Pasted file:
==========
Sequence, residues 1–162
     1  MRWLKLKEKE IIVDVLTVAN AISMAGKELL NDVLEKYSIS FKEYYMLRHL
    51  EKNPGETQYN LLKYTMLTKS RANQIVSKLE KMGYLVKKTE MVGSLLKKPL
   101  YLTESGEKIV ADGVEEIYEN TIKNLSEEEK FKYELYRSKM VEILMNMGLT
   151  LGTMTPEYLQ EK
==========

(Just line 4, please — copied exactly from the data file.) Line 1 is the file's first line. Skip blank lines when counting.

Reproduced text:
   101  YLTESGEKIV ADGVEEIYEN TIKNLSEEEK FKYELYRSKM VEILMNMGLT